Wonders of Norfolk Island
Norfolk Island is an external territory of Australia. This small, remote Norfolk Island contains several exciting and even unique landmarks.
Map with the described wonders
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Top 7 wonders of Norfolk Island
The Arch (Norfolk Island)
Standing cliff with a natural arch. The cliff is connected to the mainland. This is very impressive landmark but can be appreciated only from the sea level.
Cascade Creek Waterfalls
The most prominent waterfall on Norfolk island. These are two cascades on a small creek, each approximately 10 m tall, falling over basalt rock. There are more waterfalls on the island but mostly seen during the rain.
Standing cliff with natural bridge that reminds an elephant standing in water, with snout lowered in water.
The last remnant (5 km²) of the unique Norfolk Island rainforest, protected by a national park. Here grow many unique endemic plants including the tallest tree fern of the world (Cyathea brownii, up to 20 m tall), Norfolk island palm (Rhopalostylis baueri), endemic orchid, and last natural stands of Norfolk pine (Araucaria heterophylla). Here lives also endemic Norfolk Parakeet (Cyanoramphus cookii), Norfolk Gerygone (Gerygone modesta), slender-billed White-eye (Zosterops tenuirostris), endemic land snails and others – in total some 50 endemic species of animals and plants.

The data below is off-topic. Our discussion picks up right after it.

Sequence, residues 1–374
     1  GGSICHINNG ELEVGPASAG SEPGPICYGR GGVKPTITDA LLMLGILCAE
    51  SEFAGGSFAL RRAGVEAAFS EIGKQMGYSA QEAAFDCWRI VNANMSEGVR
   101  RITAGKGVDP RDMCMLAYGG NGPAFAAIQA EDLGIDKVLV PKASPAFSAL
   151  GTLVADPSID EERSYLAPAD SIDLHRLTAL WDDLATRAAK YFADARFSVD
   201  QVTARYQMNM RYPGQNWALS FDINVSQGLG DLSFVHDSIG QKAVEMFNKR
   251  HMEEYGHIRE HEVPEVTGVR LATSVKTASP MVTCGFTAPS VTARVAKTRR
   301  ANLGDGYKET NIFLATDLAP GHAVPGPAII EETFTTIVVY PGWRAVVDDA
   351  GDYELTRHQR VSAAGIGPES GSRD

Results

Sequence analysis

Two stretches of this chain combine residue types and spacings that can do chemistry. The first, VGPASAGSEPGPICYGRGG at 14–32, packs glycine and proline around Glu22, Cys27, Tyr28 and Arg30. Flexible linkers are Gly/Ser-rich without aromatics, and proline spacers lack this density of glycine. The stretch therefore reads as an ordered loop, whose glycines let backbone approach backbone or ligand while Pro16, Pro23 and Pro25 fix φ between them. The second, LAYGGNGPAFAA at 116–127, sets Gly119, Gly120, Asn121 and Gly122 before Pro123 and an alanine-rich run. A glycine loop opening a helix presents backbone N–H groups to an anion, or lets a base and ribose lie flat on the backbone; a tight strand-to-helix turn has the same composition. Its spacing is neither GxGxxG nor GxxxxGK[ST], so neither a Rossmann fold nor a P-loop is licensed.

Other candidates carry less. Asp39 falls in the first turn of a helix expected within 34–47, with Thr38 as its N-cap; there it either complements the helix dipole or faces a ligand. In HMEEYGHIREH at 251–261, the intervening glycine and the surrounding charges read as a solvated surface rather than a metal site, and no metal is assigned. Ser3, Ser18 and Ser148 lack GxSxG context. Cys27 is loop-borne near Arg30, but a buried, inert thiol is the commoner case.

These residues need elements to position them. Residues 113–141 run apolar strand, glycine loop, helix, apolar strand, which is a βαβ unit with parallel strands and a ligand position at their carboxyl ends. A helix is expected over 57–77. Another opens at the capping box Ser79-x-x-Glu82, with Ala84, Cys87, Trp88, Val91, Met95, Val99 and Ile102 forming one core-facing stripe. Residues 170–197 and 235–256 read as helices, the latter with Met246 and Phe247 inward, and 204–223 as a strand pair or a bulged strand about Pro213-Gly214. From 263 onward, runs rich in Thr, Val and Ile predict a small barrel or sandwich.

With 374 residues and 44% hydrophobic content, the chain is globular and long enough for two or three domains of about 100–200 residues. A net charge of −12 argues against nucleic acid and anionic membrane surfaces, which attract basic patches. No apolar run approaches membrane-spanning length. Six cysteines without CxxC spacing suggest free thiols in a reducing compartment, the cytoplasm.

Fish Rock Cave
An underwater cave, 120 m long. This is a beautiful monument of nature, school of grey nurse sharks. In late summer it is filled with young sharks and numerous other sea animals.
The largest tree on Norfolk island, a legendary Araucaria heterophylla endemic to this island. Circumference of trunk – 9 m (other information – 11 m), height – 57 m. In this or another similar tree for seven years was hiding Barney Duffy – fugitive prisoner.
Architecture and history wonders
Norfolk prisoner cemetery
The darkest chapter in the history of Norfolk Island is linked to the prisoner colony. Prisoner cemetery is a reminder of these events. Here are buried numerous convicts that were exiled to this remote island in the 19th century and often tormented to death or insanity. Many locals tell ghost stories about the spirits of the dead still heard and even seen in the night.
The Atlas of Remote Islands, Judith Schalansky’s beautiful and deeply personal account of the islands that have held a place in her heart throughout her lifelong love of cartography, has captured the imaginations of readers everywhere. Using historic events and scientific reports as a springboard, she creates a story around each island: fantastical, inscrutable stories, mixtures of fact, and imagination that produce worlds for the reader to explore.
A tiny tropical paradise off the coast of Australia, Norfolk Island is notoriously laid-back, its inhabitants friendly and independent-minded. They have to be—with no defenses and no way to get immediate assistance from the mainland, Norfolk’s population learned to be self-reliant.